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Pine Marten via Shutterstock
licence to kill

Licence to kill a pine marten granted despite protected status

Minister Jimmy Deenihan has noted there is a need for practical advice and guidelines for residents with pine marten problems.

A LICENCE TO kill a rare, protected animal was granted by the National Parks & Wildlife Service despite the pine marten’s protected status.

The NPWS gave permission to a business owner to kill the mammal as they were able to demonstrate there was an ongoing persistent problem.

There have been calls this week for no further licences to be granted.

“Other non-lethal options are available,” TD Maureen O’Sullivan told “The NPWS should not entertain any further applications for licences. If the animal’s natural behaviour of urinating or defecating is disruptive, they can be trapped and relocated or the site can be made impenetrable”.

O’Sullivan set down a parliamentary question for the Minister with responsibility Jimmy Deenihan recently.

He explained that only one licence has been granted in recent years.

“The pine marten is protected in Ireland by both national and EU legislation. Under the Irish Wildlife Acts it is an offence, except under licence, to capture or kill a pine marten, or to destroy or disturb its resting places. Once rare, the species has spread widely in Ireland in the past 30 years,” he explained.

“In this particular instance, the licensee demonstrated that there was an ongoing persistent problem that had not been solved by live capture and removal. There was also a public health concern as the affected premises housed a food wholesaler.”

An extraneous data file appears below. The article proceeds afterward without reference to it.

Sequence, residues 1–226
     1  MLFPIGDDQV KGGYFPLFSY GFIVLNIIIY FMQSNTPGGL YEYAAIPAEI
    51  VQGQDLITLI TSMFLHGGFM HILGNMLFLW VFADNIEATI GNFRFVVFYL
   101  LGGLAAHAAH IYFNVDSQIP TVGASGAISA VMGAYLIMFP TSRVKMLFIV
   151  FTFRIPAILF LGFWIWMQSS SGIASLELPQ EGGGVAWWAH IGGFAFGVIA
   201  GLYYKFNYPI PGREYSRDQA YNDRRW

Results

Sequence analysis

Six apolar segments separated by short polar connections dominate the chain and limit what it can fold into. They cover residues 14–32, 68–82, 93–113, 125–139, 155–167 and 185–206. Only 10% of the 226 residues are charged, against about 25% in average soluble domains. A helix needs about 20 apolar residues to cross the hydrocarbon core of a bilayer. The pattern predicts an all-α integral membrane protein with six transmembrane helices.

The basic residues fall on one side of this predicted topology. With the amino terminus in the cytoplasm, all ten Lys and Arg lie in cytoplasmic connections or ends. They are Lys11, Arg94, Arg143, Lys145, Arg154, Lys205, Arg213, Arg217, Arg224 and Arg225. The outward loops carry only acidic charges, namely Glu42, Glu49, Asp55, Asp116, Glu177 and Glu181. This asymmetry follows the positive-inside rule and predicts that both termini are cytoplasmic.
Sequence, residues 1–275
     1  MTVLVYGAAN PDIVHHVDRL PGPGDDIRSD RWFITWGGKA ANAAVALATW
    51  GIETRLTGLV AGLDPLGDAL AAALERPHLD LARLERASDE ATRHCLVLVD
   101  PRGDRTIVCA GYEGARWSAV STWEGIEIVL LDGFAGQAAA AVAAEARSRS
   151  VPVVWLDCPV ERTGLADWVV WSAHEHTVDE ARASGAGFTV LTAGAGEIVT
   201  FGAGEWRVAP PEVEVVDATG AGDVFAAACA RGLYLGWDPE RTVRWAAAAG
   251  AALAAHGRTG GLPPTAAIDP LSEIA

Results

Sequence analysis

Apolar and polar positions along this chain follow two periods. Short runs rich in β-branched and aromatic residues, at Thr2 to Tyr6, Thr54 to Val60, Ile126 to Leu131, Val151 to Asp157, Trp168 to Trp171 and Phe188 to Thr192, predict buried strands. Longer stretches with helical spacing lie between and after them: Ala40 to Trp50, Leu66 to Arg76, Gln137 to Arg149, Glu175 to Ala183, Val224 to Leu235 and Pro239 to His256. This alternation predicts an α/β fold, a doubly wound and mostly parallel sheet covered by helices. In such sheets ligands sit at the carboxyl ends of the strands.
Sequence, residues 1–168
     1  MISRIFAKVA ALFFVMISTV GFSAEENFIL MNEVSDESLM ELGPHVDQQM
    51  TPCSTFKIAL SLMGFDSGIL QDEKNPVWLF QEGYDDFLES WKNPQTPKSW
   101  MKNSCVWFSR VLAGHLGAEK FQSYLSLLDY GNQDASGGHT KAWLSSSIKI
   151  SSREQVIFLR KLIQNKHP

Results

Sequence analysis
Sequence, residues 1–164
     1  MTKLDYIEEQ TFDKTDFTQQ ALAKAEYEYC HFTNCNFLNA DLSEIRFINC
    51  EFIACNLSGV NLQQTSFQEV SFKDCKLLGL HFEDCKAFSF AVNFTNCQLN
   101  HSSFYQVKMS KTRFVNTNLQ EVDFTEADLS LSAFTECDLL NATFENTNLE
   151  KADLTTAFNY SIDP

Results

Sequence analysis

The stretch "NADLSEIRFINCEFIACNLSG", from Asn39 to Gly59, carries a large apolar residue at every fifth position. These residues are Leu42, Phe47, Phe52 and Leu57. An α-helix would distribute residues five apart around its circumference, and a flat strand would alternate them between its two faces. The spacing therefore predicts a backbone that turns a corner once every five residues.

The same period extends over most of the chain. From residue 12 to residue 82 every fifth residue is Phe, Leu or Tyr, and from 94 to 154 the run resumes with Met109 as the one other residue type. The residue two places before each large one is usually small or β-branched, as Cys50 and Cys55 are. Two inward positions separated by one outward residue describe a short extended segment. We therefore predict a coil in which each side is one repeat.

He noted that there is a need for practical advice and guidelines to deal with pine marten “in a manner that is consistent with conservation goals”.

As they have become more widespread, they can take up residence in places where they are not welcome to humans.

Last year, a booklet on how to keep them out of game and poultry pens was produced by his department and the Vincent Wildlife Trust.

The groups are working together again this year to develop an information leaflet on how to keep pine martens from setting up home in residential properties. It is due to be published in the coming months.

The Vincent Wildlife Trust in Ireland held a pine marten day in Galway on Thursday where 50 enthusiasts heard from experts on the mammals.

Read: Anger after 4 foaling mares are put down in Kilkenny despite offers of homes

More: Dead horses, cows and calves found dumped at the base of Co Clare cliffs

Laws: It’s a good day for Irish animals

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